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Posts Tagged ‘Inrush’

PULS Dimension Near Zero AC Inrush Current

September 8th, 2011

We all have seen the effect of inrush current in our homes when the refrigerator, a power tool or the air conditioner turns on. The surrounding lights may dim for a short period of time, a sign that the voltage is being drawn down on the start up of this equipment. Fortunately, in the home environment, this is typically the worst condition that occurs and is something that most people are used to. However, in an industrial setting the inrush current can have a strong impact on the day to day operation with unexpected down time or damage to equipment.

Inrush Current for Power Supplies:  Switch-mode power supplies use pulse technology and the supply voltage is converted to DC using a bridge rectifier. The voltage is then smoothed using a large electrolytic capacitor. The charging of this capacitor causes inrush which can generate voltage dips, weld relay contacts, blow fuses or trip circuit breakers. This inrush can be controlled by one of many design techniques.

NTC Thermistors: NTC (Negative Temperature Coefficient) thermistors are thermally sensitive semiconductor resistors which show a decrease in resistance as temperature increases. A thermistor is a very simple way of controlling inrush for power supplies. When power is first applied, the thermistor is cold and has a high resistance, which limits the charging current. The thermistor heats up very rapidly due to the design and the resistance drops to a low level. There are also some disadvantages to using temperature sensitive resistors. The inrush is dependent on the ambient temperature; a colder environment can lead to starting problems, and a hotter ambient can render the inrush control useless. This method also generates a power loss and can lower the efficiency.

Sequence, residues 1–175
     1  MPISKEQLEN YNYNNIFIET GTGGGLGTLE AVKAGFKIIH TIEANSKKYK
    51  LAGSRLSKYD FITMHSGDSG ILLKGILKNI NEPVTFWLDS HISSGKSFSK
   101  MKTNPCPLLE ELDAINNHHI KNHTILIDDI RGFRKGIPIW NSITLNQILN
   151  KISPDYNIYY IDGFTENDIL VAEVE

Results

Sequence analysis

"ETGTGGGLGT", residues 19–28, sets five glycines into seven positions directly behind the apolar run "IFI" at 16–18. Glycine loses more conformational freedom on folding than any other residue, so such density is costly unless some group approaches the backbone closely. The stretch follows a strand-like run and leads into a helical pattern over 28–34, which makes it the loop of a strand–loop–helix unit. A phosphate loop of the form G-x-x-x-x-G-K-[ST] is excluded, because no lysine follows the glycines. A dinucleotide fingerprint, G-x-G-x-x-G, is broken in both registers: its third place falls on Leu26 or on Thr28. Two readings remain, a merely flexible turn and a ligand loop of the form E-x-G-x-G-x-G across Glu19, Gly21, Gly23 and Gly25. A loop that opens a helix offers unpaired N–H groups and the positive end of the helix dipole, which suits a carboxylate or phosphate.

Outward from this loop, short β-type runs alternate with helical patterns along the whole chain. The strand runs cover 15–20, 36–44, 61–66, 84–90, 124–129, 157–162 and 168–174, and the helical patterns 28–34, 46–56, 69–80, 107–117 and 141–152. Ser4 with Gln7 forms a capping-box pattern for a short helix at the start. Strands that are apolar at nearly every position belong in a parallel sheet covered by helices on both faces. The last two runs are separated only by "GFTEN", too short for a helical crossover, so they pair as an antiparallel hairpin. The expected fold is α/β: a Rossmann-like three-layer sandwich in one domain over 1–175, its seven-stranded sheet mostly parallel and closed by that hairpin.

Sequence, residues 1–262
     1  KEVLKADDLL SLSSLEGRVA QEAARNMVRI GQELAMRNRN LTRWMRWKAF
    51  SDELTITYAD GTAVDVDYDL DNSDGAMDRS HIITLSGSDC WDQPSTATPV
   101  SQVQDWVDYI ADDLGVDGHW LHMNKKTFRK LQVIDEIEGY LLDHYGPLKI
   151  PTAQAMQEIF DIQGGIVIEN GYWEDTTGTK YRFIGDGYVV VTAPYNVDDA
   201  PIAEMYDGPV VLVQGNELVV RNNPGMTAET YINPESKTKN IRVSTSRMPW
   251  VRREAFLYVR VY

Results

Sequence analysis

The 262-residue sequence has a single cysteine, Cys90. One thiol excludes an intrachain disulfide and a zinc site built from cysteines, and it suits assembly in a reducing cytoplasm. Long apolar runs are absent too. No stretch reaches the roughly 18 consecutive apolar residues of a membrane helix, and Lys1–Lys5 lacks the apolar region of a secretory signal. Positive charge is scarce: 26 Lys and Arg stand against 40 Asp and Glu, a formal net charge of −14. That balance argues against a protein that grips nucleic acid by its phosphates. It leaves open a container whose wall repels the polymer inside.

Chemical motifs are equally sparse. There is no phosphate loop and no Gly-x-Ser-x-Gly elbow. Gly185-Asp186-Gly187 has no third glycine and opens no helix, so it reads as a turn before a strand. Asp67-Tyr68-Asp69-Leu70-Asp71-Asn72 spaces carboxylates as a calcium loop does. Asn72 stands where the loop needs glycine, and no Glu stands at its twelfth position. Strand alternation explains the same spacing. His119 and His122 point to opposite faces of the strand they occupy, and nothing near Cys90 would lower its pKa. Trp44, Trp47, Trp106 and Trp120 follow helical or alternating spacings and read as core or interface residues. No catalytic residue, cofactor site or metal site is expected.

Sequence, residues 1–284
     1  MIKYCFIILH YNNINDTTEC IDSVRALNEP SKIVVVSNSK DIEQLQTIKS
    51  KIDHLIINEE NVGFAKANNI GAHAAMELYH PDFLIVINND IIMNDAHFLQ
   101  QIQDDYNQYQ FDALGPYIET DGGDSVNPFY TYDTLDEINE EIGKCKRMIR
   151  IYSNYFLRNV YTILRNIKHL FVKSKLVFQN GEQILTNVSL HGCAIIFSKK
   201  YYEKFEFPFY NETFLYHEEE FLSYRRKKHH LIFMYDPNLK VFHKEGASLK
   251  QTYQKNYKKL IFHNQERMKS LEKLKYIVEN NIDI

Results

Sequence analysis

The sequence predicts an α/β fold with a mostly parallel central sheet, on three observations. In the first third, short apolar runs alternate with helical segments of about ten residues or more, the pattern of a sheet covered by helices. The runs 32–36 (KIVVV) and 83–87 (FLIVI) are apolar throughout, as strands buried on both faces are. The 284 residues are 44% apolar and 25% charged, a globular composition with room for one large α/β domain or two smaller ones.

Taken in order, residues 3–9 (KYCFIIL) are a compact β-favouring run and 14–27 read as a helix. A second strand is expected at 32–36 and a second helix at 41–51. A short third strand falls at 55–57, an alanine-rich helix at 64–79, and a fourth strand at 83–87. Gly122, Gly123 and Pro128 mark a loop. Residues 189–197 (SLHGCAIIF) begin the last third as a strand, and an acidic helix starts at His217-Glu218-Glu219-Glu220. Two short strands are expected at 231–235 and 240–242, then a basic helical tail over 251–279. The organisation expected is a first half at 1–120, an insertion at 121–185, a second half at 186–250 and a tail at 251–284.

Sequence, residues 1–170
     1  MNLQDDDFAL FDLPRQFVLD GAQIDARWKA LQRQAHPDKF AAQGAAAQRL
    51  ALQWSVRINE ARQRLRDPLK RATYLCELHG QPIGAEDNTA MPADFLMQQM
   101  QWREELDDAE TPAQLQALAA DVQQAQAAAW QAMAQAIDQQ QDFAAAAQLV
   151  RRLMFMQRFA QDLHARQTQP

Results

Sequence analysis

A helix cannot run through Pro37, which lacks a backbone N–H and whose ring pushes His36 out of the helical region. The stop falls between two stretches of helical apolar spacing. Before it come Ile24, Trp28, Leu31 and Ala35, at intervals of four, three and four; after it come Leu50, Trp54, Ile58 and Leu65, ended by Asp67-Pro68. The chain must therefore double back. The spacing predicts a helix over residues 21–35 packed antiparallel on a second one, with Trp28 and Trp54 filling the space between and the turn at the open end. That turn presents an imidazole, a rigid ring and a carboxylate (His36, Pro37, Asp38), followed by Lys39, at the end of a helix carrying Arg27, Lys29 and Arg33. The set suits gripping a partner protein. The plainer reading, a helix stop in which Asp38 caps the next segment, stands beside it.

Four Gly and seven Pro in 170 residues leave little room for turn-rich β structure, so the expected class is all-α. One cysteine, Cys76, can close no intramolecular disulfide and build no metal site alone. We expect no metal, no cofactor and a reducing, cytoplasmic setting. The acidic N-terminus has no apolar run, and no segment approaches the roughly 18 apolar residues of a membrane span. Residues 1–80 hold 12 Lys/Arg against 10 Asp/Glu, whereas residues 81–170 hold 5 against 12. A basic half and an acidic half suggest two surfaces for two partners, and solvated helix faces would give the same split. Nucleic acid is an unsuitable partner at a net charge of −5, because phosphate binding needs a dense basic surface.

Fixed Resistors with Bypass: A power resistor is used in this method to control the inrush current. The resistor is bypassed after the electrolytic capacitor is charged. Several different components can be used as a bypass such as relays, Triacs or IGBT’s. This type of inrush control is independent of temperature and the power losses are much lower. However this method is more expensive, so it is used primarily in the larger wattage designs.

Pulse Charging of Input Capacitor: PULS developed, in the Dimension Series, a new way of controlling inrush by pulse charging the input capacitor. This method is a superior way of softly controlling how much energy is allowed to charge the capacitor. The advantage is that peak current can be defined more accurately, as there are no variables involved.  A delay on the charging is also incorporated into the design so that when power is initiated or restored, the supply does not contribute to unnecessary inrush as neighbouring equipment is also energized.

The PULS Dimension series has near zero inrush, meaning the inrush current is only slightly higher than the normal operating current. Some competitive models using NTC technology can have an inrush as high as 60A. Other advantages are that fuses or circuit breakers can be sized for operating current and not peak current. The inrush is independent of input voltage or temperature and at lower temperatures, there are no starting problems. This new design for inrush control has shown once again that the PULS Dimensions series is a leader in power supply design, and PULS will continue to use cutting edge technology to improve the overall performance of power supplies.

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